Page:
Land Rover Defender facelift 2012

Land Rover Defender

The iconic Land Rover Defender gets a little upgrade for an early Christmas.

A new 2.2-litre diesel engine has replaced the 2.4-litre diesel, matching it for power, torque and fuel consumption, whilst a full acoustic engine cover replaced the previous splash cover, reducing radiated engine noise and improving driving refinement.

The 2.2-litre diesel engine produces 90kW @ 3,500rpm and torque of 360Nm @ 2,000rpm, CO2 emissions on the combined cycle are 266g/km for the Defender 90 and 295g/km for the 110 and 130.

The GFT MT 82 six-speed gearbox has a high top gear for cruising and enhanced low-speed crawl capability.

Dress up

There is a choice of three more options as well as the choice of two new body colours, Barolo Black and Havana.

Smart new, contrast roof colours can now be chosen against the majority of the Defender paint palette. In addition to the standard Fuji White, customers can now opt for Santorini Black, Indus Silver, Orkney Grey or Firenze Red. The Firenze Red for example, can be chosen with the Santorini Black roof and the Baltic Blue with Indus Silver or simply retain their body colour.

Premium part leather seats which contour your body are available to the driver and front seat passenger, sporting the Land Rover logo on the backrest. The style of the seat naturally enhances driving support and comfort over the toughest of terrain. An integrated, centre stitch line on the headrest is also visible and adopted to the current standard seat in the Defender.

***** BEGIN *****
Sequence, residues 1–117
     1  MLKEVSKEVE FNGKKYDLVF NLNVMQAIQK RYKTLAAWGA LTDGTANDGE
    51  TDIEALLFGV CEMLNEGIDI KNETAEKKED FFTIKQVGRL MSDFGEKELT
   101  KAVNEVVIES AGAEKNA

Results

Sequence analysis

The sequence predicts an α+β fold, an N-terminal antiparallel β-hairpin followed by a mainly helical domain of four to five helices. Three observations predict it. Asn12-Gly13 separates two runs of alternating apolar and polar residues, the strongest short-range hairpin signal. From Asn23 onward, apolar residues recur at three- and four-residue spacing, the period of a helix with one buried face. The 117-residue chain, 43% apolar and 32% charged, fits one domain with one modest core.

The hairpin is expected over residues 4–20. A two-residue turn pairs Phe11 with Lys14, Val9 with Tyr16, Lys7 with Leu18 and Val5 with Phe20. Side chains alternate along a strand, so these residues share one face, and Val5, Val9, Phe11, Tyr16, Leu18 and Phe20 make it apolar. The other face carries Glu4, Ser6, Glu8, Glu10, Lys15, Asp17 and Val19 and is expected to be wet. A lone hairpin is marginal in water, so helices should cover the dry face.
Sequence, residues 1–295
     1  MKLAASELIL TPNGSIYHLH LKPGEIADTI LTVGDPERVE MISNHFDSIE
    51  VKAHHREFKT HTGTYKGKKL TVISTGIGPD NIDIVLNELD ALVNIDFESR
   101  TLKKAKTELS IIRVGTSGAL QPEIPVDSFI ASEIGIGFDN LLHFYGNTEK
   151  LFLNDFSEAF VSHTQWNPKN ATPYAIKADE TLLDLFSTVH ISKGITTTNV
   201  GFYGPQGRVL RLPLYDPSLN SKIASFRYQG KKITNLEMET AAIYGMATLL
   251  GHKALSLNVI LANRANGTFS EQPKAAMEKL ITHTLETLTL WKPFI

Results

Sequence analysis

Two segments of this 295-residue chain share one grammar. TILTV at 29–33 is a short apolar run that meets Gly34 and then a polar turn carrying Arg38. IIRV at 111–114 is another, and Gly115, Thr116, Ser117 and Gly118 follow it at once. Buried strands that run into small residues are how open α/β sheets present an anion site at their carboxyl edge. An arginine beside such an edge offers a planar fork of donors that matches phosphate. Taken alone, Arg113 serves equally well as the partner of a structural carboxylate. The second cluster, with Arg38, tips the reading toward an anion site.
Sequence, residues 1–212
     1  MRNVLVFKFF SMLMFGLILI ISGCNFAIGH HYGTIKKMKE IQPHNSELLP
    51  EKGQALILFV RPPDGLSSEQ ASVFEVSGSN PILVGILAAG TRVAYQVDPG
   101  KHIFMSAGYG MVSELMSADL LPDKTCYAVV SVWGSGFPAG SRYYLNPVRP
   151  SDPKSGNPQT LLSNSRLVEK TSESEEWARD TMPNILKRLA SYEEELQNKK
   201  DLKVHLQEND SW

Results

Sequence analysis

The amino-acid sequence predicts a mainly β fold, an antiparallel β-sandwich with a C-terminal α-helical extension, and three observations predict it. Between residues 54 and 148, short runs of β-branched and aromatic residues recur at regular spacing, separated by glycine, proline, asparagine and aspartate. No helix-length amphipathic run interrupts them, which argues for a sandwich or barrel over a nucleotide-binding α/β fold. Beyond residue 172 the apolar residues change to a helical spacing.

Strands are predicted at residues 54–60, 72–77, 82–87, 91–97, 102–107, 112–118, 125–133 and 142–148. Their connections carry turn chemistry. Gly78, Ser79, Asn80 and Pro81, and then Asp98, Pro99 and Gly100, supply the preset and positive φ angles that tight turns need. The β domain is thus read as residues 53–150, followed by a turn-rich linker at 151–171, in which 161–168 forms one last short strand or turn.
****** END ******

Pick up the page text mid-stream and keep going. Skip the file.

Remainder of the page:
A Leather Pack is available – Part leather seats and leather steering wheel available on all body styles (except 130 derivatives).

The base audio system for the Defender has a single-slot CD player, USB, Aux jack and 4x50W amplification with an optional audio upgrade available for Bluetooth connectivity with remote microphone.

A plain black Pick Up hood is also available as an option and a plain beige hood for the 110 Double Cab Pick Up. Both options are in addition to existing styles.

All models have tinted glass and there’s the option of part leather standard seats in addition to the new premium seats.

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Namibia trip – July 2012

I visited Namibia recently and drove a chipped VW 1.9 TDi LWB Kombi and the 2,0 FSi Q5 Audi.

Let’s look at the cars first.

Starting with the Q5, which I drove in and around Windhoek. I tested the Q3 at the end of May (check review) so found it interesting to drive the big sister a few weeks later. It was also interesting to compare the turbo petrol to the turbo diesel. In general, the Q5 is a much better car than the Q3 to me.